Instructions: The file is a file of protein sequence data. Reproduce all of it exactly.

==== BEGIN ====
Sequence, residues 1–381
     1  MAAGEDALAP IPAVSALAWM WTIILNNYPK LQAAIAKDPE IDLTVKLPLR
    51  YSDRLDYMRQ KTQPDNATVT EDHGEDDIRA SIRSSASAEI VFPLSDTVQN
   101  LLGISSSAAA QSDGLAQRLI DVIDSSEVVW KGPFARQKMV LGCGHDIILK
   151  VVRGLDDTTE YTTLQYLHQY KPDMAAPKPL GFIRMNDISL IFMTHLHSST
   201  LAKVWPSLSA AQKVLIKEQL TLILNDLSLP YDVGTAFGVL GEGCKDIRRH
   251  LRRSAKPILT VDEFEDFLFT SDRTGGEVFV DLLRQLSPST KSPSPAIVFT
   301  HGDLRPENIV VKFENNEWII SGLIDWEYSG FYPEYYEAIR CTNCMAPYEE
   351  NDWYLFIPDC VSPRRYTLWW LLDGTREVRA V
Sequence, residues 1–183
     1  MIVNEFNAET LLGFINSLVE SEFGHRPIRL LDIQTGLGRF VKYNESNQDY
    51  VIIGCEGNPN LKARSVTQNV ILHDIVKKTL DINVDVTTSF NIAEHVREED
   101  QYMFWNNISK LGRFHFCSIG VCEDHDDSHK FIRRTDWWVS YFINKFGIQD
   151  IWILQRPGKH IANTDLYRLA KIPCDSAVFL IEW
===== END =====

Sequence, residues 1–381
     1  MAAGEDALAP IPAVSALAWM WTIILNNYPK LQAAIAKDPE IDLTVKLPLR
    51  YSDRLDYMRQ KTQPDNATVT EDHGEDDIRA SIRSSASAEI VFPLSDTVQN
   101  LLGISSSAAA QSDGLAQRLI DVIDSSEVVW KGPFARQKMV LGCGHDIILK
   151  VVRGLDDTTE YTTLQYLHQY KPDMAAPKPL GFIRMNDISL IFMTHLHSST
   201  LAKVWPSLSA AQKVLIKEQL TLILNDLSLP YDVGTAFGVL GEGCKDIRRH
   251  LRRSAKPILT VDEFEDFLFT SDRTGGEVFV DLLRQLSPST KSPSPAIVFT
   301  HGDLRPENIV VKFENNEWII SGLIDWEYSG FYPEYYEAIR CTNCMAPYEE
   351  NDWYLFIPDC VSPRRYTLWW LLDGTREVRA V
Sequence, residues 1–183
     1  MIVNEFNAET LLGFINSLVE SEFGHRPIRL LDIQTGLGRF VKYNESNQDY
    51  VIIGCEGNPN LKARSVTQNV ILHDIVKKTL DINVDVTTSF NIAEHVREED
   101  QYMFWNNISK LGRFHFCSIG VCEDHDDSHK FIRRTDWWVS YFINKFGIQD
   151  IWILQRPGKH IANTDLYRLA KIPCDSAVFL IEW